On August 25 and 26, 1939, Lahousen was tasked with occupying the Jablunka Pass, a commando operation prior to the invasion of Poland.

During the course of the war, when all protests by members of the Office for Foreign Affairs/Counter Intelligence against the crimes of the German military were ignored, Canaris and Lahousen decided to use the modified plans to end the efforts for an assassination attempt on Hitler, combined with an overthrow of the NS system of the company Walküre to actively support. Canaris advocated Hitler’s arrest, but allowed Lahousen to continue with his assassination preparations.

When Canaris flew to Smolensk on 07-03-1943, accompanied by Lahousen and Hans von Dohnanyi, a German jurist of Hungarian ancestry for a meeting at the headquarters of Army Group Center, Lahousen managed to take a box with English explosives and English silent detonators for an assassination attempt on Hitler. After trials, Oberst Henning von Tresckow and Leutnant Fabian von Schlabrendorff  prepared the explosives in such a way that it resembled a package containing two bottles.

On 13-03-1943, Schlabrendorff handed the package over to the unknowing Oberst Heinz Brandt,

who flew on Hitler’s plane. As is often shown in the specialist literature, the assassination attempt failed for technical reasons. Lahousen’s ability to resist was also coming to an end. As Oberst i. G. he had to complete a six-month probation period before being appointed Generalmajor, which is why he officially had to hand over the management of Department II to Oberst Wessel Freytag von Loringhoven on 01-08-1943. Oberst Heinz Brandt died the next day after surgery in the Wolf’s Lair hospital and was posthumously promoted to Generalmajor by Hitler. Three other people also died as a result of the explosion. It was later concluded that its exact positioning next to a leg of the map table was a crucial factor in determining who in the room survived.

Lahousen then took command of the 96th and later 4th Grenadier Regiments on the Eastern Front and then the 41st Infantry Regiment (L). During the fighting during Operation Bagration, Lahousen’s command post received a direct hit on 19-07-1944, in which he was badly wounded. For this reason, he was transferred to the Führerreserve as unfit for the front, was awarded the Iron Cross First Class and the German Cross in Gold and was promoted to Generalmajor on 01-01-1945 with rank number 1. His membership in the resistance had gone unnoticed by the Gestapo and the SD because he was at the front.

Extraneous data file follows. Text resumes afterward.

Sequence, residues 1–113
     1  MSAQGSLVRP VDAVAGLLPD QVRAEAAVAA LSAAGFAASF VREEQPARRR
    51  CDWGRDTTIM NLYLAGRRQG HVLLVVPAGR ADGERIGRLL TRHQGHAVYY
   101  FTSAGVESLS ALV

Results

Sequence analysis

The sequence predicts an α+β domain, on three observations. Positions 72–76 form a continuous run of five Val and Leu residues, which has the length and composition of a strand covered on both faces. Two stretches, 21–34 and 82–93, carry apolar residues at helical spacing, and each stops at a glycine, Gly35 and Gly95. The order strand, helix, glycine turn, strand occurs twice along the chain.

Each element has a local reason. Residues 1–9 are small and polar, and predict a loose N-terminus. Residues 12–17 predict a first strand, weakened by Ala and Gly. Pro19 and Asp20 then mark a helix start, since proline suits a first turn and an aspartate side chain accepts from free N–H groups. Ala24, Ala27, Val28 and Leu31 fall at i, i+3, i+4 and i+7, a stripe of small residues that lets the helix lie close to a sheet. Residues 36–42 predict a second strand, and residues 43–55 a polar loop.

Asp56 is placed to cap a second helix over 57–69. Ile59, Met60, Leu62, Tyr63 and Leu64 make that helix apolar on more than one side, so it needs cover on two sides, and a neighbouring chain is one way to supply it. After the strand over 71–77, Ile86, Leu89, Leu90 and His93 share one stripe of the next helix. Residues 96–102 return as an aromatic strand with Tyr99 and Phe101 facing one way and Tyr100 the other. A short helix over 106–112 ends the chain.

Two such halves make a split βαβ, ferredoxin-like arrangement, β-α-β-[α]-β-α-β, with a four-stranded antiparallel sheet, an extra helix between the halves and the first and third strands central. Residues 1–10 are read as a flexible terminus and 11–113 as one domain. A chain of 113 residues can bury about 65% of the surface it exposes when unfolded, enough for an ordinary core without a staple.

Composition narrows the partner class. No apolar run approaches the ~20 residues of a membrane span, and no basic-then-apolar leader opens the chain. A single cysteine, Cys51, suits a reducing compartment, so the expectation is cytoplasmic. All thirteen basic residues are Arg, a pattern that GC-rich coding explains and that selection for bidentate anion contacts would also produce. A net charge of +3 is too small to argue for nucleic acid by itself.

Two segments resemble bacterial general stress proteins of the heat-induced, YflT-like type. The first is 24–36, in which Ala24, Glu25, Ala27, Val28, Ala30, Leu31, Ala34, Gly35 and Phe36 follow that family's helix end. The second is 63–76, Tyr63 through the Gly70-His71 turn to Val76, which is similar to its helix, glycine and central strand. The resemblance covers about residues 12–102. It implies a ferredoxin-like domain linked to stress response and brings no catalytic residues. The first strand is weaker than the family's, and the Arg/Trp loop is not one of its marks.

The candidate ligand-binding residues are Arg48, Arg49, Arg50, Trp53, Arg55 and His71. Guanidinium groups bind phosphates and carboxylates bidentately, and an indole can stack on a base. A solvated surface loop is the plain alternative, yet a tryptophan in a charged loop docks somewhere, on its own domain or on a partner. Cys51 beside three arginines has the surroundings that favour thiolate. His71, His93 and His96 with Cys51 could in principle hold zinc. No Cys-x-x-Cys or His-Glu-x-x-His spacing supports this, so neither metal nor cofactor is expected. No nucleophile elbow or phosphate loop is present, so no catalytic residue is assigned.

After the end of the war, Major Generalmajor Lahousen was taken prisoner by the US and was interrogated by the British Secret Service from August 23 to December 8, 1946, during which he was also in the hospital.

From 30-11-1945, he testified

  in Nuremberg as part of the trial of the main war criminals as the only key witness for the prosecution. “I have to testify for everyone who murdered them – I am the only survivor [of the senior officers of the Foreign Office/Intelligence Office],” he emphasized – according to his knowledge at the time – to the American prison psychologist Gustave Mark Gilbert, who was looking for him , asked to testify in the trial in Nuremberg and accompanied him there.

Death and burial ground of Lahousen (Edler von) Vivremont, Erwin Heinrich René.

 

After his release from US captivity on 04-06-1947, Lahousen retired to Seefeld in Tirol. In 1953 he married the widow of the former Austrian State Secretary Theodor Znidaric and moved with her and their three children to Innsbruck, where he died of his third heart attack on 24-02-1955. Generalmajor Erwin Lahousen is buried at the Zentral Cemetery of Vienna in a family grave in Section 20.